I have always wanted to read Zadie Smith, given that I have heard so many brilliant things about her from other readers. So last week while I was travelling to Chandigarh for my best friend’s engagement, I picked up White Teeth by Zadie Smith. A story that for me turned out to be a mix of the generation gap and immigrant identity crisis. I have read many books about these two topics, but what was unique in Zadie Smith’s White Teeth was that there was no plot. It was like a constant flow of life of two men who have served in war together, and are now leaning on each other to get through the war of life.
The story of White Teeth begins on the New Year’s 1975. In a stuffed car, an Englishman Archie Jones is trying to commit suicide because his disturbed Italian Wife has walked out of their marriage. A sudden interruption in his suicide plan makes Archie give up the idea of dying. Fresh with enthusiasm, he walks towards an End of the World Party where he meets his second wife, Clara Bowden. A Jamaican whose mother, Hortense is a devout Jehovah’s witness. Archie and Clara’s marriage gives birth to Irie, a girl who has very low self-esteem.
On the other hand, we have Samad, a Bangladeshi immigrant and Archie’s wartime friend, whose great-grandfather was Mangal Pandey, and who has married Alsana, a woman of substance. Alsana bears him two children, Majid and Millat.
Samad, in particular, finds it difficult to maintain his devotion to Islam in an English life; he is continually tormented by what he sees as the effects of this cultural conflict upon his own moral character – his Muslim values are corrupted by his masturbation, drinking, and his affair with his children’s music teacher, Poppy Burt-Jones. In an attempt to preserve his traditional beliefs, he sends 10-year-old Magid to Bangladesh in the hope that he will grow up properly under the teachings of Islam. From then on, the lives of the two boys follow very different paths.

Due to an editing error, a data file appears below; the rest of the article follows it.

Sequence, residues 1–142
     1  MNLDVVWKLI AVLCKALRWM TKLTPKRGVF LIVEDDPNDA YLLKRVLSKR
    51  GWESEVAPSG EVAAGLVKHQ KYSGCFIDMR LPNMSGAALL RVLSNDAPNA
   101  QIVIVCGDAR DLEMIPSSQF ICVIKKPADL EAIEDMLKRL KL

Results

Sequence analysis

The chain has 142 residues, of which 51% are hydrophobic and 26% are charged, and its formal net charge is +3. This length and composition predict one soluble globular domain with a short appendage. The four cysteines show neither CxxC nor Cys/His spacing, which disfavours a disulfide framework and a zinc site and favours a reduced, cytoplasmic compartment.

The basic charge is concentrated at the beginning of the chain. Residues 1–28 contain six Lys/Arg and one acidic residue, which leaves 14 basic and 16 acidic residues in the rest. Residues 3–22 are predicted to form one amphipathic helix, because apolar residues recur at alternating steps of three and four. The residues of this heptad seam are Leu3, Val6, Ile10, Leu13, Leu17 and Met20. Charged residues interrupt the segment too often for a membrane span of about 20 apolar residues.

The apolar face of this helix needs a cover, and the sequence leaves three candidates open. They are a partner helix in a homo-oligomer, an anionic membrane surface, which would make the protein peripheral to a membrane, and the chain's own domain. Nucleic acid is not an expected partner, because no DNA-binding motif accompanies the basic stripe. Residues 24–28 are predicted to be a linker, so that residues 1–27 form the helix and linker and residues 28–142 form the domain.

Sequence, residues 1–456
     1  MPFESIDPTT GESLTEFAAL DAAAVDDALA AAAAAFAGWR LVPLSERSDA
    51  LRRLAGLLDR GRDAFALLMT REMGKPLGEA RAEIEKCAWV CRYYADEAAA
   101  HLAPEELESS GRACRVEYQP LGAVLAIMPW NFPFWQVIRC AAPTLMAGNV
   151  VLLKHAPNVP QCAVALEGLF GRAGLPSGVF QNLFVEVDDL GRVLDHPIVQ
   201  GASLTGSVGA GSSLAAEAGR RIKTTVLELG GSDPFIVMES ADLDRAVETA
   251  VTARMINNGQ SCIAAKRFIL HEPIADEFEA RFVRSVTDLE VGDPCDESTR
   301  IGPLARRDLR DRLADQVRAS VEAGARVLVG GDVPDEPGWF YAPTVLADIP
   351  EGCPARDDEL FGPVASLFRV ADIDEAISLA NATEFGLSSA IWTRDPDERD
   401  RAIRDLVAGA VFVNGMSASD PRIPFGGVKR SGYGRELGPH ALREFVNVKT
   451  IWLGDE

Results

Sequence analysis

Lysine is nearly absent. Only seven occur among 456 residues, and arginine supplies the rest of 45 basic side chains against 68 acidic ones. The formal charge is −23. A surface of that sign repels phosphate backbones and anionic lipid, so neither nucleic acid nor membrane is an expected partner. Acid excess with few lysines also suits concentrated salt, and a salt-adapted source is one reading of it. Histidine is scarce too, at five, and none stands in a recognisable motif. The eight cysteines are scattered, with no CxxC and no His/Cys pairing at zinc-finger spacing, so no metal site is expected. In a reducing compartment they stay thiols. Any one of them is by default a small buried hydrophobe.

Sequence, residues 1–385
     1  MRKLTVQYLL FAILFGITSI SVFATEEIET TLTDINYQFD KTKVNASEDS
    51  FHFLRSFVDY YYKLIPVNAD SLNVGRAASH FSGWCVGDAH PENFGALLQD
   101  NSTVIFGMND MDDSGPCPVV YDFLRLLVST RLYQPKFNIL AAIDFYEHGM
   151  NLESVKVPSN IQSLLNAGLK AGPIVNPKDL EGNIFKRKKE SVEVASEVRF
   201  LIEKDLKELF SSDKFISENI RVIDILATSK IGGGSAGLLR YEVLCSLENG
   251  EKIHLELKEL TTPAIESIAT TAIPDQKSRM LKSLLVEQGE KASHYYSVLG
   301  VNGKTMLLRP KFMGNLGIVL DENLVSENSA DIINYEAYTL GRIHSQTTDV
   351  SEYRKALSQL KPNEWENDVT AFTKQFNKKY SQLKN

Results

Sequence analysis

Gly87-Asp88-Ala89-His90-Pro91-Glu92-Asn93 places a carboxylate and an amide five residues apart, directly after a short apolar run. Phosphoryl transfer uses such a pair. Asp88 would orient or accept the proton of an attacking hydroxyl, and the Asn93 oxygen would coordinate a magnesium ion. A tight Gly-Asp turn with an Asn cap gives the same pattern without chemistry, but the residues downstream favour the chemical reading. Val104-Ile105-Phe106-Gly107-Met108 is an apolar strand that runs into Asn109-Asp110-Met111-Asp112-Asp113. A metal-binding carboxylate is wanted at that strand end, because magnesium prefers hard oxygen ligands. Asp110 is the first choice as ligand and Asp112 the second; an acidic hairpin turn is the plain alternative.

Magid comes back home but in a very different than his father expected him to turn out. Rather than being a devout Muslim, he becomes a rational intellectual, a follower of new age ideas and books. On the other hand, Millat believes in modern age Godfather and finds solace in an extremist outfit. On the other hand, we see Irie trying to deal with her Jamaican genes, which she believes makes her look ugly and a hindrance for Millat to see her real beauty. In the end, she pays a very heavy price for her transformation.
White Teeth is not just a story with a plot, it’s like reading about someone’s life in a single flow, constantly without stopping. For me, it turned out to be a unique book because I’ve never come across such type of writing, where there is no purpose, just a story to share and feel in your heart. A story that is so special that it will always stick with you. And also, out of all the immigrant books that I’ve read, I believe that this one turned out to be the best of the lot.
The writing of the book is simple and easy to understand. I also loved the fact that historical events are also added in the book to elaborate on the generation gap issue like falling of the Berlin Wall, Protests against Salman Rushdie’s book etc. The only issue that a reader may face with the White Teeth would be the length. For some, the no existence of a plot may also become an issue, but for me it was brilliant!
With White Teeth, I’ve found a new author that I am going to tap into a little bit more. My final verdict; a must read.